Smart moves like this go some way to help fix the problem, and admittedly for Valve, this is new territory for them. Offering special edition hardware is a new thing for the company — something which they’ve spoken about. They've detailed that this new limited edition OLED is an experiment of sorts, and I imagine the way in which they go about selling them is too. There are always lessons to be learnt.

Valve X post about the Limited Edition Steam Deck OLED model

However, even if the buying process was completely error-free and fair — with a lot of these products (and again, I understand the scarcity is part of the appeal here), the consumer just has no idea as to how many of a product is actually available to buy. How limited is this edition? Well, most companies aren’t going to tell you, the mystery is part of the intrigue I guess — so, instead, it’s just a case of turn up at 8am, credit card in hand, and try your luck.

I spoke with Christopher Taber of Analogue, the maker of the rather wonderful Analogue Pocket device — and he shared with me how the company has spent years now carrying out significant work in an effort to eliminate this scalper culture.

“We’ve implemented a system that is quite sophisticated and far beyond what any other company is doing.”

Taber has been vocal about this for some time, with Analogue publicly outlining their stance on things back in early 2021.

2021: Pocket, Bots, Scalpers, Limited Quantities vs Limited Editions and Customer Support - Analogue

Of course, ultimately, it’s a two-headed issueone of both scalpers and scarcity.

It’s encouraging to see action from manufacturers and retailers alike in attempting to curb the efforts of bad actors. As more and more barriers are placed in their way, scalpers, who typically snap up any and all of a new product to then flip for an insane profit on auction sites, will hopefully be deterred from even trying. But this anti-bot, scalper battle is really one of whack-a-mole that requires a constant effort from those selling.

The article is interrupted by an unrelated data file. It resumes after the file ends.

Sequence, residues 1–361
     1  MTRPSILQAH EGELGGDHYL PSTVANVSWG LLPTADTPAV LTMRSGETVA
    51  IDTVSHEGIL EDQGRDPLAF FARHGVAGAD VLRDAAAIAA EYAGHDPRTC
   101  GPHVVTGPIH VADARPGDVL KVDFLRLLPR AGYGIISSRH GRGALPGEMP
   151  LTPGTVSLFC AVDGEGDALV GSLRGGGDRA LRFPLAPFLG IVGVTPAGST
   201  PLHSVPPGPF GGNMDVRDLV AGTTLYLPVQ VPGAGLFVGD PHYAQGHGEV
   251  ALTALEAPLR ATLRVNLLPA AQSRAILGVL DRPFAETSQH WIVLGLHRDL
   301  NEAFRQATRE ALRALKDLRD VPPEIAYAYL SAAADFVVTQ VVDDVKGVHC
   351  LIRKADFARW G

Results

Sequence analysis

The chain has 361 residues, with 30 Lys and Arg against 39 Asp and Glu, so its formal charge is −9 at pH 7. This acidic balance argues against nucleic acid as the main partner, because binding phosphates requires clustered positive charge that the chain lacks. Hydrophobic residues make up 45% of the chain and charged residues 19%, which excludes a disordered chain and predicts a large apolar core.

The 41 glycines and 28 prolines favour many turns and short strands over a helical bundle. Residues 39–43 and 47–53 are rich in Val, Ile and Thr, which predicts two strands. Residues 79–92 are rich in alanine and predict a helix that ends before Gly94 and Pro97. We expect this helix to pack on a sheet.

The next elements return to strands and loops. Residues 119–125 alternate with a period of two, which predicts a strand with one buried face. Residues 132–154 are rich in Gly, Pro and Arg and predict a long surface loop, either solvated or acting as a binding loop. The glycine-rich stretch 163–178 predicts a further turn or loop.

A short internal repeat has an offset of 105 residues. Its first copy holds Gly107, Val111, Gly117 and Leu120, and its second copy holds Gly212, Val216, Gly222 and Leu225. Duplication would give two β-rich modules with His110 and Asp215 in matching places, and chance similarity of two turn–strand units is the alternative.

Valve Limited Edition Steam Deck OLED
Valve's Limited Edition Steam Deck OLED

The other side of the coin here is the scarcity itself. With little consumer know-how on product availability, it again falls to retailers and manufacturers to develop more equitable ways to sell their goods — ways that make a buyer feel confident and that they are buying in a fair way, and that doesn’t give them any sense of artificial scarcity.

One such way to do this is to open up orders, make what’s actually asked for, and then sell that as a limited run to those who asked for them. Sure, such a method won’t work for all, but an approach like this goes some way to remove the air of mystery that often clouds such hyped hardware or prized products.

It’s an imperfect art. There’s plenty of nuance to this issue — with each individual product launch and manufacturer requiring its own set of considerations. Different approaches, rationale and overall solutions.

I’m hopeful that things will get better here, and it’s clear that product makers are at least trying to find a sound approach to offering neat, special goods to those who want them in increasingly fairer ways — but the reality of that is we’re all here partaking in the retail experiment until a solid sales practice that pleases us all is found.

How does the current scarcity and scalping issue affect your perception of limited edition gaming products, and does it change your enthusiasm for these special releases? Let us know in the comments!